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Contradictions between resiliency efforts and new development are clear in neighborhoods like the Financial District, which was among the hardest hit by Sandy flooding. There are encouraging signs, like the installation of flood barriers at entrances to the South Ferry and Whitehall Street subway stations and continued work on the beautiful and lush Battery Park, which forms the anchor of the “Big U.” Building owners have also provisioned for the installation of flood barriers to protect their property in anticipation of a storm. Yet, completion of the Big U is still years away and development along the East and Hudson Rivers, like the luxurious Seaport Residences continues apace, placing more lives and property potentially in harm’s way.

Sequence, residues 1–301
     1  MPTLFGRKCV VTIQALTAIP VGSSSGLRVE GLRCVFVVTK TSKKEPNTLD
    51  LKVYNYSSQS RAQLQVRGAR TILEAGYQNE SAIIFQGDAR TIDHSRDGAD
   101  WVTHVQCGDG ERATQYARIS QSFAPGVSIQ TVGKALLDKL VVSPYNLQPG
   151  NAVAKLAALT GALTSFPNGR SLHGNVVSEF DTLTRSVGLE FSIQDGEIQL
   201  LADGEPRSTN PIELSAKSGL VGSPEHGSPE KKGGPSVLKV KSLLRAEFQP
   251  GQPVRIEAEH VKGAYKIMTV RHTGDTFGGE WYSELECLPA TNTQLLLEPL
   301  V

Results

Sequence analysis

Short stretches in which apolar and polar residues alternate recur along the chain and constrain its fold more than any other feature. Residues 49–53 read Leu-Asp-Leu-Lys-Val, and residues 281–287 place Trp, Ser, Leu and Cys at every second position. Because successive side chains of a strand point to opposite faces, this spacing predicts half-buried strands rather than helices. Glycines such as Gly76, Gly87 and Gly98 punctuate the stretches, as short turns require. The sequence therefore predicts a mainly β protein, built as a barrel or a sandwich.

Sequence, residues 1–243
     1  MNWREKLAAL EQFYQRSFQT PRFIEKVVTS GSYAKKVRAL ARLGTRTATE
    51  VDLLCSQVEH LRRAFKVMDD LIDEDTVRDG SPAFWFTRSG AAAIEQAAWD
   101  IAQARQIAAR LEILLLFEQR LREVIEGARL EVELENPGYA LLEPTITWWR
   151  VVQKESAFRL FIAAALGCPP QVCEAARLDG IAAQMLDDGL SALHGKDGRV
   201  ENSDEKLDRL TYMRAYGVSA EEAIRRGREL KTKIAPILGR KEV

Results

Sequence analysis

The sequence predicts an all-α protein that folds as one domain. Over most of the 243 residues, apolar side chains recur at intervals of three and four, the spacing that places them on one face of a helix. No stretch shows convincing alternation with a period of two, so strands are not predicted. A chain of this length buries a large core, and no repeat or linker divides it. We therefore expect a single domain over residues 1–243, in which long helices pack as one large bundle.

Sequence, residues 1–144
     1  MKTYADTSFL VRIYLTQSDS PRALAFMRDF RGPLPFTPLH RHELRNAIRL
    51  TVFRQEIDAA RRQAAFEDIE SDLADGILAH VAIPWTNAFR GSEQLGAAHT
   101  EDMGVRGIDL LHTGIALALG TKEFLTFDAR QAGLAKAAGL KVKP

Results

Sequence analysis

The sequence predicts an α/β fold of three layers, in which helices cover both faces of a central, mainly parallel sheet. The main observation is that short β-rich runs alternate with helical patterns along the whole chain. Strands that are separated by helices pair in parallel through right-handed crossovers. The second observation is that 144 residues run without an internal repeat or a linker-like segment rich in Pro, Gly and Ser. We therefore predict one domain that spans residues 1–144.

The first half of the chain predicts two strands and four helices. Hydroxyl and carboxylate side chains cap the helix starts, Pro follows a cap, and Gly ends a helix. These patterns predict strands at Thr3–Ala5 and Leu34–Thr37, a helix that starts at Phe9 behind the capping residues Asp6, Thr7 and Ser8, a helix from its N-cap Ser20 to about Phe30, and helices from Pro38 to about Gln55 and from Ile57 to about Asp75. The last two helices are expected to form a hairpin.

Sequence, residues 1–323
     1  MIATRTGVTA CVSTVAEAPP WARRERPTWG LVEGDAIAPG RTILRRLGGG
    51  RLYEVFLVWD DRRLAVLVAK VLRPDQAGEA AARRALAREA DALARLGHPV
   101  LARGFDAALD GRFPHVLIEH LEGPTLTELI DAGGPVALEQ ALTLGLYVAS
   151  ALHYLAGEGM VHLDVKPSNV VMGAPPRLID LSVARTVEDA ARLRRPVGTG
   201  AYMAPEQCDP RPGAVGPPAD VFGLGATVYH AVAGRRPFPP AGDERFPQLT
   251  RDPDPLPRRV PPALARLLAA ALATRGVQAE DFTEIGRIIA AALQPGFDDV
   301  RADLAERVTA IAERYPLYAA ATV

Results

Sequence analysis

Anchors for temporary flood walls installed in the Financial District

Little flood resiliency work has been done in the Gowanus neighborhood, which suffered severe flooding from the canal that gives it its name. Here the contradictions between flood mitigation efforts and growth are quite clear. Hundreds of new apartments welcomed residents in the last year between Carroll and 2nd Streets along the banks of the canal in advance of a potential rezoning that would bring thousands more. There are plans for flood gates to protect the area, but as a recent article states, “Not Anytime Soon.”